Meet the Team
Graeme Lockaby, PhD
Associate Dean of Research and Director of the Center for Environmental Studies at the Urban-Rural Interface, School of Forestry and Wildlife Sciences, Auburn Unversity
Dr. Graeme Lockaby’s background is in wetland biogeochemistry and forest ecology and his interests involve the definition of causal relationships between vegetation-soil associations and zoonotic disease vectors. Lockaby’s experience includes studies of linkages between landscape descriptors and incidence of West Nile Virus near Atlanta, and vegetation and soil influences on transmission of tick-borne diseases to wildlife and humans in Alabama.
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Derrick Mathias, PhD, MPH
Assistant Professor, Florida Medical Entomology Laboratory, University of Florida
Dr. Derrick Mathias’s background is in evolutionary biology, medical entomology, and public health. His interests lie in vector-pathogen interactions and the interplay between biological and environmental factors that influence pathogen-transmission cycles. His current research focuses on the transmission biology of malaria, ehrlichiosis, and epizootic hemorrhagic disease, which includes studies on host seeking behavior, vector ecology, and the genetics of vector competence.
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Former Research Associate, School of Forestry and Wildlife Sciences, Auburn University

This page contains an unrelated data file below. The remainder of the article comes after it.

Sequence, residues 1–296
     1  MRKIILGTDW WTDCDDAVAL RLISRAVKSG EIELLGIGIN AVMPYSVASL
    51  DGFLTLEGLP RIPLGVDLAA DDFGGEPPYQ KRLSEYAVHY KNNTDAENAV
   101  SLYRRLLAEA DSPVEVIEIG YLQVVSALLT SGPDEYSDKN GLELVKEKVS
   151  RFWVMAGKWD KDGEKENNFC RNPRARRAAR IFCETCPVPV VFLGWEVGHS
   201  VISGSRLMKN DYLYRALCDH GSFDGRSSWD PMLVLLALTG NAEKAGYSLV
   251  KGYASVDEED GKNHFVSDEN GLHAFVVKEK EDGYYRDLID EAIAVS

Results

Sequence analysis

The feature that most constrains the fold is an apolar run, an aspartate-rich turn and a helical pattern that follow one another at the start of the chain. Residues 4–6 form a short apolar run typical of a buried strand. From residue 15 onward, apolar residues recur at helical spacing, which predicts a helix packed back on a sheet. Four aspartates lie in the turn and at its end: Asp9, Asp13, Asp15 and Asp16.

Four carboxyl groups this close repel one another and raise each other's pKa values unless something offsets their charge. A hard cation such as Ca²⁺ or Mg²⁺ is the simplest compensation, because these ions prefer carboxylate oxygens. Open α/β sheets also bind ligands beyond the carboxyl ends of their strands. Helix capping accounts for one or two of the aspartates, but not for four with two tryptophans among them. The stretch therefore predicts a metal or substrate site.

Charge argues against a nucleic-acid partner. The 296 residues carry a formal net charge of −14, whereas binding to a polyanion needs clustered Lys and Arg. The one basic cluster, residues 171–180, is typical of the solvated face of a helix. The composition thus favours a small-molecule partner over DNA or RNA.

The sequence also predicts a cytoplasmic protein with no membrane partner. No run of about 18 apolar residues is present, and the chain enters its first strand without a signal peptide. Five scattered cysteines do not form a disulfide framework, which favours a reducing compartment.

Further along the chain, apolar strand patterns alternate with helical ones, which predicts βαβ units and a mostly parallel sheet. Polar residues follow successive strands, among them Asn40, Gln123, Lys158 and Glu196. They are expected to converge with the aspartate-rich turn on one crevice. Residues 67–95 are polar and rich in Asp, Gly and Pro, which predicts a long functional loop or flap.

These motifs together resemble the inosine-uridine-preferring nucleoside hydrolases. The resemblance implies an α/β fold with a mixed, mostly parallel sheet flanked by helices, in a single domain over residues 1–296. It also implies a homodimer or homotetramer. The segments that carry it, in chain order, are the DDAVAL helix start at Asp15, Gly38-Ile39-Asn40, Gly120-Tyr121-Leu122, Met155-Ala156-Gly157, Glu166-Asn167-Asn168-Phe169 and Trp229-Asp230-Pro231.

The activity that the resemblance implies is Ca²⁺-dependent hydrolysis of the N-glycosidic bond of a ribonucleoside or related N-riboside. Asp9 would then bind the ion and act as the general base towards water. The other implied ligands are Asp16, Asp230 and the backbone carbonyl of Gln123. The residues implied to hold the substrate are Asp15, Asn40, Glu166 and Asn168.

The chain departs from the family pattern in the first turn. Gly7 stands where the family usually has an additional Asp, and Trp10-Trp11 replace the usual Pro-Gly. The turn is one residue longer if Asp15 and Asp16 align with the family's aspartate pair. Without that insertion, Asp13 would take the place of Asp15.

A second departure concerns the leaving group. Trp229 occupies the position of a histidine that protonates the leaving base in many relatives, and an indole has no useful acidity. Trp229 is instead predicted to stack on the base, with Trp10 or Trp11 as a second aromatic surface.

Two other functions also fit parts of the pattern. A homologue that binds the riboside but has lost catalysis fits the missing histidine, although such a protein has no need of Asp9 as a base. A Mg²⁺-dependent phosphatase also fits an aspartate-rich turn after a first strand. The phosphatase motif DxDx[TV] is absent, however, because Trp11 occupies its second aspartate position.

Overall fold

Emily Merritt finished her wildlife sciences Master’s program at Auburn University in spring of 2015. Her interests include in exploring the role environmental factors, humans, and wildlife play in the distribution and prevalence of ticks and tick-borne illnesses in the Southeast.
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Sarah Zohdy, PhD
Assistant Professor of Disease Ecology, School of Forestry and Wildlife Sciences and College of Veterinary Medicine, Auburn University
Dr. Sarah Zohdy is interested in the ecological and evolutionary drivers of disease in human and wildlife communities. Most of her research takes place in Madagascar, where she is taking a One Health approach to evaluate how anthropogenic disturbance influences vector-borne disease dynamics that threaten human and wildlife health. Using lemurs as a model system, she also aims to understand how host ecology determines disease dynamics and contributes to the heterogeneity in parasitism found in wild populations. She is currently working with this project to evaluate the role that small mammal populations and communities play in the transmission dynamics of zoonotic tick-borne diseases in Alabama.
Email Address: firstname.lastname@example.org
Web Page: http://wp.auburn.edu/zohdylab